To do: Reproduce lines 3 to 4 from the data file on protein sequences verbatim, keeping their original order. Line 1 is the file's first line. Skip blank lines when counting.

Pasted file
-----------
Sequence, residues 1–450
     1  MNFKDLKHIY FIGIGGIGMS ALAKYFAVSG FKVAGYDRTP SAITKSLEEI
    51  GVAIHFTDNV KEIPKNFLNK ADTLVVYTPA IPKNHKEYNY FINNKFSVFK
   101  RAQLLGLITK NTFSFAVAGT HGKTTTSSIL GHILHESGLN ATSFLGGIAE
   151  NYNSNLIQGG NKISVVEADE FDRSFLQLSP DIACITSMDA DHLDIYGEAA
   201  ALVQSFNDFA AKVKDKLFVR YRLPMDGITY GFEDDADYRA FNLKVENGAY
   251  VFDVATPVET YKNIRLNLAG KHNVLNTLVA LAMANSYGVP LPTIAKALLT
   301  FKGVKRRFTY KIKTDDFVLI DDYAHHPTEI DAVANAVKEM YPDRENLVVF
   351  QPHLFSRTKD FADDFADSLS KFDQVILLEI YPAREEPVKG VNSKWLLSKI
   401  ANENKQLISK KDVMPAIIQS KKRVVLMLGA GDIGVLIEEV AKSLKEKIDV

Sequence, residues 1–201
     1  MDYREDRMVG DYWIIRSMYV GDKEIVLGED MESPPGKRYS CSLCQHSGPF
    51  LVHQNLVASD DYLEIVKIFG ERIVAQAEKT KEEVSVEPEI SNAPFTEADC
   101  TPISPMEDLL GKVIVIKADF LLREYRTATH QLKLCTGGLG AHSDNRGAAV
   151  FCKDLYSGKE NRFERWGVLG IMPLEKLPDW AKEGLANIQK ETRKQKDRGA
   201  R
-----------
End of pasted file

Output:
    51  GVAIHFTDNV KEIPKNFLNK ADTLVVYTPA IPKNHKEYNY FINNKFSVFK
   101  RAQLLGLITK NTFSFAVAGT HGKTTTSSIL GHILHESGLN ATSFLGGIAE